“We’re sad to hear about it — our oldest daughter went all the way through elementary at Central and our younger daughter is in her fourth year at Central,” he said. “We’ve enjoyed our time there and the teachers have been great.”
After operating with the A+ Program for a few years, Sanderson said he started to see test scores slowly but consistently improve at Central. The program brought in additional money from the state for a few years but quickly fizzled — leaving the school system to pick up the tab to keep it going.
“We were never the top-scoring school, but what we did was we got up above average within four years and maintained that until I retired in 2000,” he said.
The program has slowly faded out as new principals have come and gone at the school, but parents say certain aspects of the integrated classes have remained.
“I really don’t know enough to comment on why the closure might be happening, but I have a lot of respect for the school board and administration. I don’t think they’d make a decision like this lightly,” Sanderson said. “But it does make me very sad it could happen — that school has been a part of Waynesville as long as I can remember.”
If the school board does decide to shut down Central, about 200 students will be divided up and sent to Junaluska Elementary or Hazelwood Elementary. The 35 students who have opted in to Central from other districts will be automatically sent back to their home districts.
While her daughter enjoys Central, Melrose believes that Junaluska and Hazelwood are high quality schools as well.
“I feel like all the elementary schools are excellent in the county,” she said. “It is sad Central is closing because she has her friends there, it is familiar and it is her home, but educationally I feel like all the schools are equal.”
Luckily, the adjustment of entering a new school come August will be lessened thanks to living in a small tight-knit community like Waynesville. Thanks to church, sports and chorus, Melrose’s daughter actually has friends at both Hazelwood and Junaluska already, “which would obviously make the transition a lot easier,” she said.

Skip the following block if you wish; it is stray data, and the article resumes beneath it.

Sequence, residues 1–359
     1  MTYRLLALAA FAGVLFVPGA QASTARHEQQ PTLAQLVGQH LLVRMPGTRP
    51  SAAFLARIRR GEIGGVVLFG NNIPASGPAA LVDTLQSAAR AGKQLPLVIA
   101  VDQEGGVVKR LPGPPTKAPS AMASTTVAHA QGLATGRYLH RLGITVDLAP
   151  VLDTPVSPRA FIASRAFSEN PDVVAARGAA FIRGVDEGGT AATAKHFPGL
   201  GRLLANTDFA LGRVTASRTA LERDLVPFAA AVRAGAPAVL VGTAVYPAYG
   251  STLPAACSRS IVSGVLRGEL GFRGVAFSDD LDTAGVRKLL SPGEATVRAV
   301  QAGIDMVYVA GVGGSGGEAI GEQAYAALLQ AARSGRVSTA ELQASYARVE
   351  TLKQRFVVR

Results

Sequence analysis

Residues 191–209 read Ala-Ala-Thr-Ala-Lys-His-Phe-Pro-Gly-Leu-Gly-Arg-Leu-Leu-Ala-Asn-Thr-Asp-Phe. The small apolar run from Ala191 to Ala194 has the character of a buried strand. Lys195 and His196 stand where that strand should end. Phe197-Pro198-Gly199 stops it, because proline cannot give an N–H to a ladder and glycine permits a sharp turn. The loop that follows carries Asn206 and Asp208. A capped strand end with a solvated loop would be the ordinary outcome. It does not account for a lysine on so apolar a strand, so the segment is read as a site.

If she gets a choice, Stinnette said she’d want her daughter to go to Junaluska, but she’d rather see Central stay open because of the relationship she’s already built with the teachers and faculty.
“I like the smaller feel of the school because teachers can focus more on each student,” she said.
The proposed closure won’t affect Blazer’s son, who will be entering middle school next year. Stinnette said she worried about her third-grade daughter re-adjusting to a new bus route and new students.
“I think it will be hard on her to change schools because she has friends at Central and they’ll end up going to other schools after they’ve been together since kindergarten,” she said. “That family bond is going to get broken up.”
Audra Blazer said she was disappointed that the school could be closing down. Her two oldest sons attended Meadowbrook for a majority of their elementary years but her youngest son has attended Central for three years. The switch from Meadowbrook to Central has been a major transition.
“We had such a tightknit community at Meadowbrook and everyone helped each other but it wasn’t like that at Central,” she said.
While Blazer can understand why Central would be targeted for closure — the school building is in poor condition, the district has a high level of poverty and the enrollment is diminishing. On the other hand, she said it’s unfortunate because the school has been moving in a positive direction since Principal Jeanann Yates — formerly at Meadowbrook — took the helm at Central. Since she came on board, Blazer said she’s put more reward programs in place for students and has worked hard to get parents more involved in school activities.
“I think she can really change some things and bring a following with her as well,” she said. “I’m sad they’re not giving her the opportunity.”
— Becky Johnson contributed to this story